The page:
India and Bangladesh today signed six MoUs, including one for the construction of a 129.5 km-long oil pipeline between Siliguri and Parbatipur, and discussed the Teesta water sharing issue as well as the Rohingya refugee crisis. Indian Foreign Secretary Vijay Gokhale and his Bangladeshi counterpart Md Shahidul Haque discussed many bilateral and international issues during delegation-level talks. "Six MoUs including India-Bangladesh Friendship pipeline between Siliguri & Parbatipur, agreement between Department of Atomic Energy, India and Bangladesh Atomic Energy Commission, were signed during the visit," the Indian High Commission in Dhaka tweeted.
"This is part of our endeavour to undertake projects in Bangladesh in various socio-economic sectors, including education, culture, health, community welfare, road infrastructure etc, for which we are providing 16 billion taka under grant financing," the Indian foreign secretary said. The MoU on oil pipeline is aimed at pumping diesel from India to Bangladesh with a capacity of 1 million tonnes per annum. "The MoU focuses on deepening bilateral cooperation in the hydrocarbon sector and the mutual benefits for both sides that would accrue from the proposed construction of approximate 129.5 km long oil pipeline from the Siliguri Marketing Terminal of the Numaligarah Refinery Ltd (NRL) in India to the Parbaripur depot of the Bangladesh Petroleum Corporation (BPC)," the brief description of the MoU read.
The other MoUs are on cooperation between Prasar Bharati and Bangladesh Betar, installation of an Indian Council for Cultural Relations (ICCR) Urdu Chair in Dhaka University, Addendum to the GCNEP-BAEC Interagency Agreement, grant projects to set up language labs in 500 schools in Bangladesh and upgrade different roads in Rangpur city. An addendum was signed relating to Inter-Agency agreement between Global Centre for Nuclear Energy Partnership (GCNEP) of India's atomic energy department and Bangladesh's atomic energy commission. Gokhale said Delhi remained a "committed development partner" of Dhaka and has extended lines of credit of over USD 8 billion to Bangladesh in the last seven years.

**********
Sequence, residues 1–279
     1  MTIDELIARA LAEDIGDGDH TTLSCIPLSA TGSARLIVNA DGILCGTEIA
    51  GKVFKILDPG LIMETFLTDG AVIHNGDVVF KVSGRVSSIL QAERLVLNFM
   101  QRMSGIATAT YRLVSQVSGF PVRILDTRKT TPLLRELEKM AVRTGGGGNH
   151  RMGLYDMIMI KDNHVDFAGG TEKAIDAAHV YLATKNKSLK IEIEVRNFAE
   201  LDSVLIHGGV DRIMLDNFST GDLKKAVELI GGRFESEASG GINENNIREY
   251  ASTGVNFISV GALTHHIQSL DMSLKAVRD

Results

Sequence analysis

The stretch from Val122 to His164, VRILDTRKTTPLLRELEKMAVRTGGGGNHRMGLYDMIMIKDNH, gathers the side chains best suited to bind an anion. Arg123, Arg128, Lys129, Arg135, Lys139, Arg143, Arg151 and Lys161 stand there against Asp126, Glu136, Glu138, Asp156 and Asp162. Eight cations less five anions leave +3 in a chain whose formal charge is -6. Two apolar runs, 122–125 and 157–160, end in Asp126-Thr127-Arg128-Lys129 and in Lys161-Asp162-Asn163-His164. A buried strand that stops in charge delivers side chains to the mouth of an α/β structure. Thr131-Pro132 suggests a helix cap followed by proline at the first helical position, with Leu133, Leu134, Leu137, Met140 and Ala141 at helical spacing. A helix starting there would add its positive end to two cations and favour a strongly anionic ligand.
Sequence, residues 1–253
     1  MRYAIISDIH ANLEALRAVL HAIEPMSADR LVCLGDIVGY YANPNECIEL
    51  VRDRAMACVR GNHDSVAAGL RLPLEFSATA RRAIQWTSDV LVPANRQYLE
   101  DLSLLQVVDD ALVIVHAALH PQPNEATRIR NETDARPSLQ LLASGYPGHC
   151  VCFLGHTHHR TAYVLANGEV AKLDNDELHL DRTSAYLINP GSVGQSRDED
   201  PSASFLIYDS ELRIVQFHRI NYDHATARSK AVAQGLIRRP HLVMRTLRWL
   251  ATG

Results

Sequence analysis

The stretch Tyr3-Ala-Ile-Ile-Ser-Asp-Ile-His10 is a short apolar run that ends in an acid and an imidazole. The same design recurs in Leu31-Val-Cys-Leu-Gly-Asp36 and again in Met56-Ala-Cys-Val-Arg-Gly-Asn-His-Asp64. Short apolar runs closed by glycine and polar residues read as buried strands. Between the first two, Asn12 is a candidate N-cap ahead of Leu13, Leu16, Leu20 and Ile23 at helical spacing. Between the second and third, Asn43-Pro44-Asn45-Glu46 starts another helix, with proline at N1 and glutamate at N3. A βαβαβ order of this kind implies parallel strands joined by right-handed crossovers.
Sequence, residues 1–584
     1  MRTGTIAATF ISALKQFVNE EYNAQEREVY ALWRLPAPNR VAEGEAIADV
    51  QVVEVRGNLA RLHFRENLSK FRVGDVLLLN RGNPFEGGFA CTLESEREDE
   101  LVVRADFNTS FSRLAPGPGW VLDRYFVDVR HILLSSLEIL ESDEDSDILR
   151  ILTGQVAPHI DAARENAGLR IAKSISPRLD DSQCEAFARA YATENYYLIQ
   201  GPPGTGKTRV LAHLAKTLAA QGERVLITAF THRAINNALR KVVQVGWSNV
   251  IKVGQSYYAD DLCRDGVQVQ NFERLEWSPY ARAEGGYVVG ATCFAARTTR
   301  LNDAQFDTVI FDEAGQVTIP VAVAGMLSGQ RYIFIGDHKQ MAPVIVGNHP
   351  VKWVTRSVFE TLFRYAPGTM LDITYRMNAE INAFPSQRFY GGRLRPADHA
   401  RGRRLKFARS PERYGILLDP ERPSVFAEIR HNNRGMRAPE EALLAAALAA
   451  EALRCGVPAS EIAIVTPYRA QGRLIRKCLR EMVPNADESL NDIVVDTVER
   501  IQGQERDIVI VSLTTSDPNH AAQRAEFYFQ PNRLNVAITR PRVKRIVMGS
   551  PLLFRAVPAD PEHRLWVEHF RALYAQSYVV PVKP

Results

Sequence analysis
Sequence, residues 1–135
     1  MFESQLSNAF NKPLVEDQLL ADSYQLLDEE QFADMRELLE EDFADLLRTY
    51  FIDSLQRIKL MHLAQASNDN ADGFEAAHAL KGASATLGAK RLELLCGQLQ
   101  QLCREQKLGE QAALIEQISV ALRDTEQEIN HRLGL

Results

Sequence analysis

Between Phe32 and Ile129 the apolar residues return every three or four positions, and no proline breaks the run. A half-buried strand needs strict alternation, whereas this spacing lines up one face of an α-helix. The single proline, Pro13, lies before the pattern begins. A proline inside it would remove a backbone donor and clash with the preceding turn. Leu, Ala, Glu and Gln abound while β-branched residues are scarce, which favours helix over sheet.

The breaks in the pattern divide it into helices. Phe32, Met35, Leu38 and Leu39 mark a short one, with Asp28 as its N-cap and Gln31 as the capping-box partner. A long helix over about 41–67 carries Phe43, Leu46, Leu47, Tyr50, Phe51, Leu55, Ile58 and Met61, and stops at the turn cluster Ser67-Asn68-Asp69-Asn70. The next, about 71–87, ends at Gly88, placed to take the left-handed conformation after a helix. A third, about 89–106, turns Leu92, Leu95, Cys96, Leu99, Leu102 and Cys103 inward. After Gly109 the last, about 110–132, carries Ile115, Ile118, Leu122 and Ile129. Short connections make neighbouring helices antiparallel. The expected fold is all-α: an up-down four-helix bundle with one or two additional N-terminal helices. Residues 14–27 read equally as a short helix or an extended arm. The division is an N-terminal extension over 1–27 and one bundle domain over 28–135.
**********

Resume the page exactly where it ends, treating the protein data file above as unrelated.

"This is the largest amount of credit India has ever committed to any single country....We are confident that this credit will be useful to Bangladesh as it pursues its developmental priorities," he said. Gokhale also cited Prime Minister Narendra Modi's remarks that Bangladesh and India are not just "pass pass" (close to each other) but also "saath saath" (together). India also extended full support to Bangladesh's efforts for resolving the Rohingya crisis, including the early repatriation of the displaced people to Myanmar. "India has been fully supportive of the efforts being made to resolve the crisis, including early repatriation of the displaced people," Gokhale said in a statement following a meeting with his Bangladesh counterpart M Shahidul Haque on the second day of his three-day Dhaka tour.
Gokhale said India sent relief materials for 300,000 Rohingyas in September last year under 'Operation Insaniyat' to support Bangladesh in its humanitarian efforts. He also announced New Delhi's plans for the second phase of such assistance. He said the assistance included field hospitals with all facilities to extend women and child healthcare while the relief supplies planned for the second phase included milk powder, baby food, dried fish, cooking stoves and cooking fuel, raincoats and gumboots. "On the Myanmar side, we are providing socio-economic support under our Rakhine State Development Programme including construction of pre-fabricated housing in order to meet the needs of the returning people," he added.
Bangladesh appreciated the Indian gesture on the issue. "We are very happy the way our friend from India is looking at this [Rohingya] issue, looking to peacefully resolve the issue," Haque said.
Prime Minister Sheikh Hasina had recently asked India to put pressures on Myanmar for repatriation of over a million of Rohingyas fearing their prolonged stay in Bangladesh could create militancy related security risks.
Haque said the two discussed all aspects of the relations between the two nations, including the pending Teesta water sharing issue, and was "delighted" regarding the outcome. Gokhale praised the progress in bilateral relations and said: "We assure you we are working hard internally to resolve the issue", B D News reported. He said Delhi is "aware" of the few outstanding issues in the relations. The Indian foreign secretary arrived in Dhaka yesterday, his first visit after assuming the office on January 29. Before the bilateral meeting with his counerpart, Gokhale called on Foreign Minister A H Mahmood Ali.